REPRINTED WITH PERMISSION from the Florida Jewish News, p. 15

“I can’t do anything with her,” Mrs. Porter said plaintively, “I am absolutely starting to lose it.”

“Starting?” her husband asked with genuine surprise and a roll of the eyeballs. “Listen,” he confided in me, “my wife’s just as bad as our seven-year old when they get going. You should hear them.”

“Tell me more,” I said to Mrs. Porter.

“To be honest,” she admitted, “he’s right. I don’t know how it all degenerates, but something inside me goes haywire every single time Sabrina acts up, and all the wonderful parenting tricks you’ve taught us go right outside the window.”

Brain Efficiency Accounts For Automatic Reactions — But They May Be Out Of Place In Adult Interactions

“Guess what?” I tell them, “You’re not alone. Your brain is causing this and we can get you out of it!” It’s at this point that I explain a little bit about how the human brain works and why the best mechanisms it has to offer can mess you up later on in life. Efficiency is one of the most outstanding characteristics of the human brain. In neurobiological terms this means that when childhood memories are recorded for future use, those memories are stored in very rough categories. “Harmful,” for example, could describe the face of a toy doll that resembles a frightening dog. As a child, when you’d see the doll-face, you might have gotten scared because it resembles the scary face of the big dog. As an adult, there’s no logical reason in the world why you should become momentarily scared by a similar doll-face, but that’s exactly what happens. It’s all because your brain makes a hasty decision that a new stimulus belongs in a particular category. What it loses in logic, it gains in speed, and speed is of the essence when you need to protect yourself. Thus, if you’re in a deserted street and you see a movement out of the corner of your eye, you’ll perhaps get startled. That’s good because that level of alertness could save your life.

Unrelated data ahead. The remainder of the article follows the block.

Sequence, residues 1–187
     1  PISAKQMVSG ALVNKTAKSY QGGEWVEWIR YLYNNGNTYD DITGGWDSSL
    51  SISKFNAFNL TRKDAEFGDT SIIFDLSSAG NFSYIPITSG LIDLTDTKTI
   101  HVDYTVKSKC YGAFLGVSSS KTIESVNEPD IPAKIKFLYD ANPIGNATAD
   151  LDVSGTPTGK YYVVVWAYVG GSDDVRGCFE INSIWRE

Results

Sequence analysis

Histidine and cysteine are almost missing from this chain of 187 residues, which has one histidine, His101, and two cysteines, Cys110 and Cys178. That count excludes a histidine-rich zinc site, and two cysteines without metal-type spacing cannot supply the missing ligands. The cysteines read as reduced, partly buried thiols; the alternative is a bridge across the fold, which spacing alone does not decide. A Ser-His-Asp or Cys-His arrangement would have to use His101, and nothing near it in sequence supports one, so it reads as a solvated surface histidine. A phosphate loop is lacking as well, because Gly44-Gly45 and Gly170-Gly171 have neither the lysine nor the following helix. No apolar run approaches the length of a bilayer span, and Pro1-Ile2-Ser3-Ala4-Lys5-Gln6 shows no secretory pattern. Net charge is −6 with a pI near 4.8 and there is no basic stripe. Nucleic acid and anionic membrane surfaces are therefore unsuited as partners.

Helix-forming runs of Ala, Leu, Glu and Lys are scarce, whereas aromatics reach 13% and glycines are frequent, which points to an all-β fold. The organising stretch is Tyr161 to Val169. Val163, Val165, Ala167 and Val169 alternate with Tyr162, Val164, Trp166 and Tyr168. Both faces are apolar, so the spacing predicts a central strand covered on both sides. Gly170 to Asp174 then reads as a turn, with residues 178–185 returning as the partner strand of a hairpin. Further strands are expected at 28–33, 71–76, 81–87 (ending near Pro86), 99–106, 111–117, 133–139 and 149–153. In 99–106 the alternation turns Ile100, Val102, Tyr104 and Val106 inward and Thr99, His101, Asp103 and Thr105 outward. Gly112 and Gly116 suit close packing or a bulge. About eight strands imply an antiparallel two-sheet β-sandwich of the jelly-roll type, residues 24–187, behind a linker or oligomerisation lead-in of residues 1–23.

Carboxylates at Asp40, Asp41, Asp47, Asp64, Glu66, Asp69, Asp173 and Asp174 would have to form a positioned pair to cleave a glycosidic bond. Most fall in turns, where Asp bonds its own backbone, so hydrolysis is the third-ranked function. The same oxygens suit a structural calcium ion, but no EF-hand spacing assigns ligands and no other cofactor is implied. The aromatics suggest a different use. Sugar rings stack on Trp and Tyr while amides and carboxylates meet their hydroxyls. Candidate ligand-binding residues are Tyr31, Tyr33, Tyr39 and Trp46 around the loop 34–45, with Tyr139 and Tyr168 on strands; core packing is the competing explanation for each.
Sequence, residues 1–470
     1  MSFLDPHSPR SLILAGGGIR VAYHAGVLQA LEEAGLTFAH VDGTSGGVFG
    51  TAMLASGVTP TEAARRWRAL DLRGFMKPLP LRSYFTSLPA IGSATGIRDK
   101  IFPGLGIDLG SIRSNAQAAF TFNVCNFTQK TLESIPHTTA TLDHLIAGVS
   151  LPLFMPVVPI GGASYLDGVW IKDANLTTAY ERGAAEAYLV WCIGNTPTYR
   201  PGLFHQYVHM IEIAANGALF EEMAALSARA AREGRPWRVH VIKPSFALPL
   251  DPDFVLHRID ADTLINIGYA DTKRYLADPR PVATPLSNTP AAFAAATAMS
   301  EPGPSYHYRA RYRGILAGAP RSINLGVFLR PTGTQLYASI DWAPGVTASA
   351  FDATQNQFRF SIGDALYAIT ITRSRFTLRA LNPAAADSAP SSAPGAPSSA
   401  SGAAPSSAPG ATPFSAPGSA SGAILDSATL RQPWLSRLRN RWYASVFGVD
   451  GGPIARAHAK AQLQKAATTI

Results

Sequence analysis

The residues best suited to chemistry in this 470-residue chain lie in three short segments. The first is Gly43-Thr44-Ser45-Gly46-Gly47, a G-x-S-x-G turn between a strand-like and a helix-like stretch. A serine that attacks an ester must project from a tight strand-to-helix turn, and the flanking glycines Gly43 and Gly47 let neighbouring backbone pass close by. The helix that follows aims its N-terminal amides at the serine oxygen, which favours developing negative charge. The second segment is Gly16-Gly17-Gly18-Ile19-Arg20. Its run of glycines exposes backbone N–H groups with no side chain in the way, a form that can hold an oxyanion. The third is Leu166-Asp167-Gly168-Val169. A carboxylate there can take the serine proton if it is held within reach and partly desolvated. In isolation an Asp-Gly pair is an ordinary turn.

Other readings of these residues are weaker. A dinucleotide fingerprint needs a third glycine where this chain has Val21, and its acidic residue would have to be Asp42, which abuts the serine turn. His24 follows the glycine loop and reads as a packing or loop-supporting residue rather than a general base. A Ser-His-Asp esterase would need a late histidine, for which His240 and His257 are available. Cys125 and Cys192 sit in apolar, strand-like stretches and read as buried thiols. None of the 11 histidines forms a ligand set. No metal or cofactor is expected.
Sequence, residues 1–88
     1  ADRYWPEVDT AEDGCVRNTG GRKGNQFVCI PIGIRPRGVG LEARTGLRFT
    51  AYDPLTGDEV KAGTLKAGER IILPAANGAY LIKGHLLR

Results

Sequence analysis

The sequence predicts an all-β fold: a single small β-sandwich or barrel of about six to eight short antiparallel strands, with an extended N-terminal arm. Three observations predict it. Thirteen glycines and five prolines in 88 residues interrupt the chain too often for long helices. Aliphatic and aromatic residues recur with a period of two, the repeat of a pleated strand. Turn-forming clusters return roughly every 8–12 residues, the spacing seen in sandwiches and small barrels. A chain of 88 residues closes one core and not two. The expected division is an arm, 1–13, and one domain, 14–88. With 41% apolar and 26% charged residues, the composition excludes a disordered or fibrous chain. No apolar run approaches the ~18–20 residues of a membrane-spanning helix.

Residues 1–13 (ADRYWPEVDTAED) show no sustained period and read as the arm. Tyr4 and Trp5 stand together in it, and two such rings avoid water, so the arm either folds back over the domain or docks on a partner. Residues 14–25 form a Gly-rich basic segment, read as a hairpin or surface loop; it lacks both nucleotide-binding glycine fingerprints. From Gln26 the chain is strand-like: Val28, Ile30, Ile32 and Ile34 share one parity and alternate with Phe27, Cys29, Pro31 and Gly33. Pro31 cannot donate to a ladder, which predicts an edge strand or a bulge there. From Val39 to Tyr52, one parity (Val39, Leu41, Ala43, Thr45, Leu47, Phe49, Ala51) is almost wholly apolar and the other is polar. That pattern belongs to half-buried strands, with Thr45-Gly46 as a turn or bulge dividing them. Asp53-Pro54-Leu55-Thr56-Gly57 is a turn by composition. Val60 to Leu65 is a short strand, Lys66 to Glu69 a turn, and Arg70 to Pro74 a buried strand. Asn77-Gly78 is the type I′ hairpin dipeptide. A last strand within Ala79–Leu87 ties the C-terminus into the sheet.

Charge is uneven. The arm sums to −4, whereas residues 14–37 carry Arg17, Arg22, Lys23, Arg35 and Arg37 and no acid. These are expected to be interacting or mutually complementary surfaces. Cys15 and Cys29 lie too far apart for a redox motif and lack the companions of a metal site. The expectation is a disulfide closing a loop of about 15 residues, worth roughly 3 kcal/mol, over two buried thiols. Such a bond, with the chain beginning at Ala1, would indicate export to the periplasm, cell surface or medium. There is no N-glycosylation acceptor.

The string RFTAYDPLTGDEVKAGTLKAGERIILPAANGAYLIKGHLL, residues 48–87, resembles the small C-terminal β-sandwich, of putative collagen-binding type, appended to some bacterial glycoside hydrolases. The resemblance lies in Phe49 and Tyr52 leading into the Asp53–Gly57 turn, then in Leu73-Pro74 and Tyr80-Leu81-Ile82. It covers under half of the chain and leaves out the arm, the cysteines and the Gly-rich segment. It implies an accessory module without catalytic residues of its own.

So how does this apply to Mrs. Porter and her struggle with seven-year-old Sabrina?

How Triggers Work

Sabrina’s antics would “bring” her mother right back to her own childhood. That is, without realizing it, her child’s behavior evoked in her all the feelings that she had as a child herself—and all the reactions. When confronted with her own normal seven-year old behavior, Mrs. Porter’s parents didn’t really know what to do. Her father would hit her and, even at the tender age she was, she swore she would never do that to a child of her own. Her mother would yell helplessly. Given the two choices, the helpless yelling seemed much kinder although it didn’t really accomplish anything. With all that bad parenting, it’s a wonder Mrs. Porter grew up to be a fairly normal, nice adult. Throughout her childhood, all she knew was to yell back at her mother, whine, feel stupid, be wrong, and not enjoy whatever it was she was whining for anyway after her parents drained every drop of fun out of it. She did not have a sense of competency and success.